After several years of opposing anti-access body-camera policies, CNPA is sponsoring transparency legislation to require the release of video and audio recordings including body-camera footage.
AB 748, by Assemblymember Phil Ting (D-San Francisco), would amend the California Public Records Act to mandate the disclosure of body-camera and other video footage “that depicts a matter of public concern”, defined as a use of force by a police officer or a reasonable belief that a violation of law or policy has occurred.
AB 748 closes a loophole in the public’s right to know by amending the CPRA’s investigatory record exemption, which applies to many of the records created and held by law enforcement. Any reporter seeking information from a police agency will be familiar with the assertion of 6254(f) as the justification for denying access to police logs, mug shots, arrest reports, and of course, body-camera footage. The exemption slams the door to access by mandating only the release of information, but not actual records.
Often when a reporter requests body-camera footage, the agency will provide a narrative summary of the events depicted in the video. Obviously, this is not the best account of the events when video exists.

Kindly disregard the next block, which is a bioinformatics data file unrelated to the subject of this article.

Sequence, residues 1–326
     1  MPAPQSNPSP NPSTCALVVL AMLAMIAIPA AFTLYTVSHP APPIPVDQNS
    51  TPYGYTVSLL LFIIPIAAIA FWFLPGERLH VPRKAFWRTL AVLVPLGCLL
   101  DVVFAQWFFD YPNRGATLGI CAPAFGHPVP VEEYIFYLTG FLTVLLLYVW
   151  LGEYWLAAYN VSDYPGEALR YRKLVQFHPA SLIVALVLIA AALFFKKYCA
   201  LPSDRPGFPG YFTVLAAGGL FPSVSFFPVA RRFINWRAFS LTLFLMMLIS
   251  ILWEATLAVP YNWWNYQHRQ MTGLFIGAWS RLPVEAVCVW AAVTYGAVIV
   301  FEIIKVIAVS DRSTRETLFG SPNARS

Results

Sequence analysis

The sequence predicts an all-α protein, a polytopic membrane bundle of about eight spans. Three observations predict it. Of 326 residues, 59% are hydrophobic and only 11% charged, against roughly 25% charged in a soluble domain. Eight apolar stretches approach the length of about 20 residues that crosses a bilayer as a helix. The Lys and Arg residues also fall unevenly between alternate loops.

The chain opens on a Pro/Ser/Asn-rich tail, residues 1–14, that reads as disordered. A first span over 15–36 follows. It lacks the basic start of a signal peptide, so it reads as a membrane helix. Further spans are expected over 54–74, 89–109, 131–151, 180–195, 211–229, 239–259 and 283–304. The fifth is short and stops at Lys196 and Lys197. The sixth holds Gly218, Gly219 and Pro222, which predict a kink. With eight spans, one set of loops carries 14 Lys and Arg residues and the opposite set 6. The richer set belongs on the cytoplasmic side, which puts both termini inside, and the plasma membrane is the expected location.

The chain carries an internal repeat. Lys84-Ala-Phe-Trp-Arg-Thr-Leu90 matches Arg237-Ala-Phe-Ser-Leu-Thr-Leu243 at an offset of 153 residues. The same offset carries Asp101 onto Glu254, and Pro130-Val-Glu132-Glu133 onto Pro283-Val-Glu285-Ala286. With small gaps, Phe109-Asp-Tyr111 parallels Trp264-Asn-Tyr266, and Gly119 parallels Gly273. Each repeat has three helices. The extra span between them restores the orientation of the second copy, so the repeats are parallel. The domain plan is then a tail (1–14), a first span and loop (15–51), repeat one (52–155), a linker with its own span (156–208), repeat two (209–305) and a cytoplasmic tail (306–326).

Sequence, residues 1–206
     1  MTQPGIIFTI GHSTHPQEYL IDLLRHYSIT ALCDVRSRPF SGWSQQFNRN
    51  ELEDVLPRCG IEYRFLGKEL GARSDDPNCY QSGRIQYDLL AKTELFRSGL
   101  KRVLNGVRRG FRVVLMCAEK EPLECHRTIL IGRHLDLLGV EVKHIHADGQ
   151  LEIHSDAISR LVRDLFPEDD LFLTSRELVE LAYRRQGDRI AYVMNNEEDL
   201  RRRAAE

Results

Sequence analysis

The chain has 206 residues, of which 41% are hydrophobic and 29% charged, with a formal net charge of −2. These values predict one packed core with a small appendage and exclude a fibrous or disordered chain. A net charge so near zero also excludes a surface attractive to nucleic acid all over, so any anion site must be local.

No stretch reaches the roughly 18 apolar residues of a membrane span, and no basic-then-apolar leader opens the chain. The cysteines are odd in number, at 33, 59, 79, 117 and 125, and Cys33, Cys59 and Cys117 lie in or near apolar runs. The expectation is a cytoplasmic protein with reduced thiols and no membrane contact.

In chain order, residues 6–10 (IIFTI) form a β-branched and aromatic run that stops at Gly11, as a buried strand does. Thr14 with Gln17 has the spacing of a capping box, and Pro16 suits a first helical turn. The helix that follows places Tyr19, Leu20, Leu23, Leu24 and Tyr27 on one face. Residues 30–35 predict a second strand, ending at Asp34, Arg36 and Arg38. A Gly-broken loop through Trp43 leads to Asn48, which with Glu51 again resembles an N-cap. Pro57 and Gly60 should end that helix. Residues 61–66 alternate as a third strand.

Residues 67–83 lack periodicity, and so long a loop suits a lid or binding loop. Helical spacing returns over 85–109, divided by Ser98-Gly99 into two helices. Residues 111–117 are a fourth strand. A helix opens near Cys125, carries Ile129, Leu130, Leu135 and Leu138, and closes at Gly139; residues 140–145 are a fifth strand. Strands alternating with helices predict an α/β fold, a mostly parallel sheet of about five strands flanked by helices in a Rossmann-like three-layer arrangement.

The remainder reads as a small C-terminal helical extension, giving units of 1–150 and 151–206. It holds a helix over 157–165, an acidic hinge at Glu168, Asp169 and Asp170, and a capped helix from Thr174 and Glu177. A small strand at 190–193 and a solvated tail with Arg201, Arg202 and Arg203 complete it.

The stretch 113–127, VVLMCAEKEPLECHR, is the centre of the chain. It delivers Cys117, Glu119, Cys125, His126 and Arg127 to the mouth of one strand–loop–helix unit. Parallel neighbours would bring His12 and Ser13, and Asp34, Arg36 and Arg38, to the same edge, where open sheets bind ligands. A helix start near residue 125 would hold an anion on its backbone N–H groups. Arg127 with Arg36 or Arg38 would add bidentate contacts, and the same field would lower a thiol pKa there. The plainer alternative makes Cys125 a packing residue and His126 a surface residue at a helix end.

The bill will be heard in the Senate Public Safety Committee on Tuesday, July 11, where it will face fierce opposition from law enforcement agencies who object to any mandated release of the footage. The Association for Los Angeles Deputy Sheriffs wrote in opposition: “The impact of this bill is to degrade that long settled exemption by effectively stripping footage of its investigatory nature.” The California State Sheriff’s Association wrote: “Local agencies should maintain the authority to determine when and how such recordings should be released including whether they will be released at all.”